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Robots automate the world around us and enjoy an impressively diverse range of uses. But is the industry worth your money? Robotics may be on the rise, but high rates of competition may threaten your investment.
What is robotics?
Robotics is the study, design and construction of robots. The field is closely related to many engineering disciplines, including computer science, artificial intelligence and bioengineering.
There are many types of robots, including drones, telepresence devices, self-driving cars, household appliances, toys, industrial machines and so many more. As the field of robotics continues to expand, the more likely we are to encounter robots in our daily lives.
Robotics stocks come from companies involved in the conception or construction of robots. Broadly speaking, they include:
- Core automation and production. Focused on the development and construction of robots and automated processes.
- Robot technology. Specialize in specific segments of the robot market, like vision systems, sensors and video compression.
- Industrial software. Develop industrial software solutions that enable automated robotic processes.
- Robotic integration. Use robotics to enhance their product offerings, like domestic appliances, farming equipment and aircraft systems.
How to invest in robotics
There are several ways you can invest in robotics stocks. You can buy shares of individual robotics stocks. You can also purchase shares of an ETF that invests in several stocks. Here’s how to start:
- Choose a stock trading platform. You have plenty to choose from, so be sure to compare your options to find the one that works best for you.
- Open your account. Be ready with your ID, Social Security number and bank account information.
- Fund your account. You’ll need to transfer money to your brokerage account before you can start investing. Some platforms let you start with as little as $1.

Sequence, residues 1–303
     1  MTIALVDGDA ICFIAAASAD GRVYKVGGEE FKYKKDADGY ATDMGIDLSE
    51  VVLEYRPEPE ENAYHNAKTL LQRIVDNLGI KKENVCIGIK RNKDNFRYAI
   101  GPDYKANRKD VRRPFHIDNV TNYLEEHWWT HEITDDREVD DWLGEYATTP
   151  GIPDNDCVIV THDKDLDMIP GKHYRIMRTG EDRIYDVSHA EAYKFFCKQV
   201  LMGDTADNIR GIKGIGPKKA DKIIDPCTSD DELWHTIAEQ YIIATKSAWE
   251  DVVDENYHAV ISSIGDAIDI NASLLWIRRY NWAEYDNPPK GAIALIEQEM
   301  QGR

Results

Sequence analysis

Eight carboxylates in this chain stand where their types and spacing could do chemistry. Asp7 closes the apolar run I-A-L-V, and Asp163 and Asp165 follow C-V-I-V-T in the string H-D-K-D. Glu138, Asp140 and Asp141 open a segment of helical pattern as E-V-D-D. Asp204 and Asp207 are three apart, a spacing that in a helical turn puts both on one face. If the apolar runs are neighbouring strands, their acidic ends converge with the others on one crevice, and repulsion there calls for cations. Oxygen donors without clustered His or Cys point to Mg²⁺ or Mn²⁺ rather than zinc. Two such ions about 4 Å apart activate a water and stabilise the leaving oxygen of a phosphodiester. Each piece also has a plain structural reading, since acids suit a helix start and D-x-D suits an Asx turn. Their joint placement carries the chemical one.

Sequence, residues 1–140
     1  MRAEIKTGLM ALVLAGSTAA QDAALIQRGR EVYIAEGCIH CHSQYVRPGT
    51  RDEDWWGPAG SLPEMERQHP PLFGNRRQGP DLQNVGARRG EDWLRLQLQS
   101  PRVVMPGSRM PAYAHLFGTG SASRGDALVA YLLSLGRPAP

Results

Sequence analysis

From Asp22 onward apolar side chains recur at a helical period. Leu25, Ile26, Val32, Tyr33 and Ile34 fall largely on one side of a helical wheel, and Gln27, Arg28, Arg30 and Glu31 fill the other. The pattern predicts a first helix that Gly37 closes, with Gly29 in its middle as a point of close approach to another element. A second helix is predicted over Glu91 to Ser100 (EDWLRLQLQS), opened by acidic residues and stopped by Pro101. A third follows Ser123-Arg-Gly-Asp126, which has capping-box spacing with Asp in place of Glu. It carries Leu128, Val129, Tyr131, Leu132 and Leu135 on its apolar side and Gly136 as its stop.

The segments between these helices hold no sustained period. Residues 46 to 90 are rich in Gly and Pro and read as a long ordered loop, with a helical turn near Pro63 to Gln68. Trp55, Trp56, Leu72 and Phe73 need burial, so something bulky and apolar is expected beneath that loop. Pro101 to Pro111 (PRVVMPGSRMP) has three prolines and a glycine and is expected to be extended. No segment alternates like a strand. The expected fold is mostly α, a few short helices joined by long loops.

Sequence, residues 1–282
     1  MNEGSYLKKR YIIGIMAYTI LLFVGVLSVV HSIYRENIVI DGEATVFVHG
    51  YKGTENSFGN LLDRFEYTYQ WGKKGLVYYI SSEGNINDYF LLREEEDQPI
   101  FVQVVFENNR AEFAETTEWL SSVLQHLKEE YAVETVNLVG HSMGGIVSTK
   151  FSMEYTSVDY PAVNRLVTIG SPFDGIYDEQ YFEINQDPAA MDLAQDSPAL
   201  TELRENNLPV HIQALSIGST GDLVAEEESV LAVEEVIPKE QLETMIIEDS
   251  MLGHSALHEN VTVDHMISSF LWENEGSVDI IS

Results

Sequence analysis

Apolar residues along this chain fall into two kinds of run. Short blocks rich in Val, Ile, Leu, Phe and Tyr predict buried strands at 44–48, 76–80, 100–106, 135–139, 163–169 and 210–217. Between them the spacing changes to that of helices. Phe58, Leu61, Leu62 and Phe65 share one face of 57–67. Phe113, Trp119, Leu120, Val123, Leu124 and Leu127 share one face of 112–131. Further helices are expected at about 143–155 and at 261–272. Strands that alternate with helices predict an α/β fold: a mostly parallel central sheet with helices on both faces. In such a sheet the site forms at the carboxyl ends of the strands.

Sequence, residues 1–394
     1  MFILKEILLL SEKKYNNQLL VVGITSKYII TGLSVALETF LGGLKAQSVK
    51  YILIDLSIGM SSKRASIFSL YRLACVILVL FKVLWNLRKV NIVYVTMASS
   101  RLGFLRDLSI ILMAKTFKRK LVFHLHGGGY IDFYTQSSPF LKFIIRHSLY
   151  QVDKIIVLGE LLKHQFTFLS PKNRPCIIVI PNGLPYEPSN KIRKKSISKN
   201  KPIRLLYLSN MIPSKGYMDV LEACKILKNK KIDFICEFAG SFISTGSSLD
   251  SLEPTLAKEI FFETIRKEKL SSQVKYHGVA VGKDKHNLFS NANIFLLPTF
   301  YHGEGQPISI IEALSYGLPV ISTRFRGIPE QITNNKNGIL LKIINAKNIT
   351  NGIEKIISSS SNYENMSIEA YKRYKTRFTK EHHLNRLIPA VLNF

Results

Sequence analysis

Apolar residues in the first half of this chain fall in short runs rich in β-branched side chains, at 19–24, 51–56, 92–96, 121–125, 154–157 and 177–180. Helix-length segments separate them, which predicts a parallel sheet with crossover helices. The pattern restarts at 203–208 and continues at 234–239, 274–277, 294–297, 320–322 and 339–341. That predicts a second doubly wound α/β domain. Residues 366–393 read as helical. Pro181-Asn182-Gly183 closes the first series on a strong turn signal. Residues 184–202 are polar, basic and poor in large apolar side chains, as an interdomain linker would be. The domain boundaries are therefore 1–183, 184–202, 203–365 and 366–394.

- Search for stocks. Look up stocks by ticker symbol or use a stock screener to filter the types you’re interested in.
- Place an order. Once you’ve found an investment you want, specify how much of it you wish to purchase and submit your order.
- Monitor your investments. Track the performance of your portfolio by logging on to your account.
3 tools to help identify new investments
We've compiled a list of stocks to keep an eye on, but the stock market is volatile, and trends can change daily.
If you're actively trading stocks, staying on top of new industry trends and rising stocks can take a lot of time. Here are some of my favorite tools to keep up with trends and get new trading ideas.
- Stock screeners. You can use an online stock screener like Finviz or TradingView to see what stocks are making the biggest moves today and narrow your search by industry and market cap. Screeners are most beneficial for technical traders who have set criteria in mind for their trades. For example, if you're looking for stocks trending today in the industry, you can pull a list of all mid-cap and large-cap stocks for that industry and sort by percent change since opening.
- Newsletters. Some of my favorites include the Motley Fool Stock Advisor and the Alpha Boost and Cherry Picks newsletters published by Tastyworks. Newsletters can be a great way to find companies that may be worth investing in for the long haul.
- Social media. While I'd never make a trade based on a Reddit thread alone, social platforms like Reddit, Twitter and Tiktok can be useful tools for staying on top of what companies people are talking about. The trendiness of a stock can directly influence its price — but those trends can also be volatile. While social media can occasionally help buy-and-hold investors, it tends to be a more practical tool for active traders.